Figure 1 Interaction Effect of Student Loan and Race on Founding an Arts-related Business

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The Role of Other Factors: Race and Family Resources

  • Parental educational attainment is positively associated with the three entrepreneurial choices of arts alumni (Freelancing, founding an arts-related venture, and starting a business of any kind).
  • Having family members with an arts career is positively associated with arts alumni choosing the three entrepreneurial paths.
  • An interaction effect of race and family member career path exists. There is a dampening effect of identifying as white on the probability of an alumnus being an arts business founder, such that white-identifying alumni are less likely to be a founder of an arts business, even among alumni whose family members were or are professional artists (see Figure 2).

Figure 2 Interaction Effect of Family Career Background in the Arts

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  • Academic institutions should investigate how they are providing the training necessary for self-reliant careers.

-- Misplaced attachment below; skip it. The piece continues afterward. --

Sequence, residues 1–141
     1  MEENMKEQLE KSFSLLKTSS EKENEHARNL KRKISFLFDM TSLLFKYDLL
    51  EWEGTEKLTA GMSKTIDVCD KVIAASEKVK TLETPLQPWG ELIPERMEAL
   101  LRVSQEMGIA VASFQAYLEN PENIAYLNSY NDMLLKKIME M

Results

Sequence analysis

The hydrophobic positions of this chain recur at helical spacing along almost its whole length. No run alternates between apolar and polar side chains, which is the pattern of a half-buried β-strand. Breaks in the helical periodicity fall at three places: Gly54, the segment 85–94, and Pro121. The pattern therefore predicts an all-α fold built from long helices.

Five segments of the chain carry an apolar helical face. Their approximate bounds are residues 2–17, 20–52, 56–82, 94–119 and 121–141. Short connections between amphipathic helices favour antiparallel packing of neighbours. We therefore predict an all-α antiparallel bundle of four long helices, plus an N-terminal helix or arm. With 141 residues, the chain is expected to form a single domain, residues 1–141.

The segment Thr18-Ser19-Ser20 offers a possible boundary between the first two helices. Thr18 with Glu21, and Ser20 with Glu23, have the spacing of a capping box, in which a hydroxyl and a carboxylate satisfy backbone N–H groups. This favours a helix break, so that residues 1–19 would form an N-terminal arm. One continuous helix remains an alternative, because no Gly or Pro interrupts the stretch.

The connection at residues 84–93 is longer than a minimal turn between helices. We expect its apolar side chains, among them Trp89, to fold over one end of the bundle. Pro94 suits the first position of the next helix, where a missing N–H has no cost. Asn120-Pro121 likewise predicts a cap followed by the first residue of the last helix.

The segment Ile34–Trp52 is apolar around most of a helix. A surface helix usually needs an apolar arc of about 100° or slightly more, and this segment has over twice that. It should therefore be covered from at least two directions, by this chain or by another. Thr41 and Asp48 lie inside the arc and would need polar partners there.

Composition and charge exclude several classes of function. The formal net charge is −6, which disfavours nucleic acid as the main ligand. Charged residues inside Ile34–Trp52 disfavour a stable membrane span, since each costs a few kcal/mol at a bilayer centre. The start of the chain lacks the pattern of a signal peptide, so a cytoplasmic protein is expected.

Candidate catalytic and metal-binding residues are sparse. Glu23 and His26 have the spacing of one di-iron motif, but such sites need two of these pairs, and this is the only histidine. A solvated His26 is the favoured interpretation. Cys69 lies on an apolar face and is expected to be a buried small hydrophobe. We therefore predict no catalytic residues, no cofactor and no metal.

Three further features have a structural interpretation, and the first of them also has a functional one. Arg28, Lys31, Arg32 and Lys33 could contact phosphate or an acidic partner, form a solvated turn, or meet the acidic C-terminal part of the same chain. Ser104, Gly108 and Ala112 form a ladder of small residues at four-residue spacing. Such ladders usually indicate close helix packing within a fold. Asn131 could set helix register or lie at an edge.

• Race, as well as the intersection of race and other factors, may play a role in the likelihood that alumni start self-reliant careers.
  • Academic institutions should consider:
    • How to offer training in both the arts and arts entrepreneurship without creating financial barriers to careers in the arts. Can more arts entrepreneurship training be included in arts curricula to reduce the need for additional tuition? Can institutions provide internship structures that encourage and support entrepreneurial experience?
    • The offerings and support that are available to first-generation college students and students who do not come from arts-focused families. Can institutions provide guidance and examples of long-term careers in the arts? Can institutions increase networking opportunities specifically tailored to arts students?
This DataBrief was prepared by Wen Guo and David McGraw, Assistant Professors of Arts Administration at Elon University.